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SA v Pakistan, 16th match, Champions Trophy

The moment of truth

The Verdict by Osman Samiuddin

October 27, 2006

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'If you let Makhaya Ntini bowl on desert sand he might still extract steepling bounce, so committed to each ball is he' © Getty Images
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This is apparently the golden age of batting. Averages are soaring, batsmen average fifty for fun; only three of the world's current top 10 Test batsmen average below 50 and they do so by mere decimals. Test cricket's highest score stood in the name of Garry Sobers for nearly 40 years. Since then, it has been broken thrice in a decade.

Test cricket's highest partnership once stood for 56 years before it was broken in 1990-91. Since then it has also been surpassed thrice, most recently by Kumar Sangakkara and Mahela Jayawardene. Sure, records are meant to be broken but when they start happening so regularly you begin to wonder. Are batsmen really that good? Or has a combination of pitches without life and bowlers without fire bolstered their figures?

On the evidence of this tournament, where pitches have been deviant, it is the latter. Batsmen have moaned from the off; they spin too much, they crumble too much, they seam and bounce too much. Imagine the temerity of that eh? The cheek of it all, damn it, to actually provide an examination for batsmen. Have they not heard that cricket is now a batsman's game and bowlers merely it's occasional characters?

West Indies succumbed to 80 all out, India's top order has struggled, South Africa struggled to reach hundred against New Zealand, Sri Lanka succumbed on a tasty pitch to South Africa and even Australia have faltered. Not a single batsman has scored a hundred in the main rounds. The myth of the golden age lies in tatters, though nowhere was it more excruciatingly shattered than in Mohali today, which suddenly grew Perth's bounce and Headingley's seam.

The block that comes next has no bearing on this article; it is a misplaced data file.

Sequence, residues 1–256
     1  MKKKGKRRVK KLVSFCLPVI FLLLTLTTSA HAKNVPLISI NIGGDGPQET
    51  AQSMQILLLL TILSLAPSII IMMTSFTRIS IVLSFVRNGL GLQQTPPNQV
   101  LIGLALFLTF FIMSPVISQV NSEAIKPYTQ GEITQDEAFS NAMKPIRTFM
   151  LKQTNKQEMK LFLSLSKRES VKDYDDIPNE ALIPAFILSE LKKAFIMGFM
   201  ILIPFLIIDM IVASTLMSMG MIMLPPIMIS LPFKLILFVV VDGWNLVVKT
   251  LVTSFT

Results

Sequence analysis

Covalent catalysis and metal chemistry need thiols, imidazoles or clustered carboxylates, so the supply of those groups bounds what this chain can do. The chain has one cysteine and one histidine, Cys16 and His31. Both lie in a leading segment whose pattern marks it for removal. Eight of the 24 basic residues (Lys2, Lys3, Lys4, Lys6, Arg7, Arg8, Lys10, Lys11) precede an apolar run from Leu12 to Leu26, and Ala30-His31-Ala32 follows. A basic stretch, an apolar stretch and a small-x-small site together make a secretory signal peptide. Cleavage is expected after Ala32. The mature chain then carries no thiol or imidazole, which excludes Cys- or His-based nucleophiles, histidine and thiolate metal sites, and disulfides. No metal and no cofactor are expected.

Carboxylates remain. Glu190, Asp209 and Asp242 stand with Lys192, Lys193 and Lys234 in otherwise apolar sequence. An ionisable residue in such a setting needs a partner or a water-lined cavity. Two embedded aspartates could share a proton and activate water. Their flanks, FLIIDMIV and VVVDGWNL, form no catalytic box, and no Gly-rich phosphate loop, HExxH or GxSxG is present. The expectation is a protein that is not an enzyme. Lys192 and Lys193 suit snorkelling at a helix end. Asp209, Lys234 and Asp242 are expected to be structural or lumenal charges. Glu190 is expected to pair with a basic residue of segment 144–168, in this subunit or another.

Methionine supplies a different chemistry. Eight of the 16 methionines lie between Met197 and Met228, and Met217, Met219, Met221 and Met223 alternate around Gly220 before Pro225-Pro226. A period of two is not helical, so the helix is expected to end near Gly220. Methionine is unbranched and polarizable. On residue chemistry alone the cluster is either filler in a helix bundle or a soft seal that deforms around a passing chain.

To Pakistan go the honours, though let's not take anything away from Makhaya Ntini. If you let him bowl on desert sand he might still extract steepling bounce, so committed to each ball is he. On this, it was candy-grabbing not from babies, but from the dead. What has made him special over the last year is that it isn't just the angled bounce into the ribs. He cuts it away now, he nips it in from fuller lengths and he has a handy yorker. But only his most basic quality - bounce - sufficed today.

Pakistan's batsmen have spent this year, after their last home series, proving just how protected they actually are on home pitches. Possibly only Mohammad Yousuf and Mohammad Hafeez of the top order were undone by unplayable deliveries; the rest were just found out against bounce and seam. The embarrassment Pakistan heaped upon themselves at Perth in 2004/05 and Old Trafford this summer found another address, albeit an unusual one, in Mohali.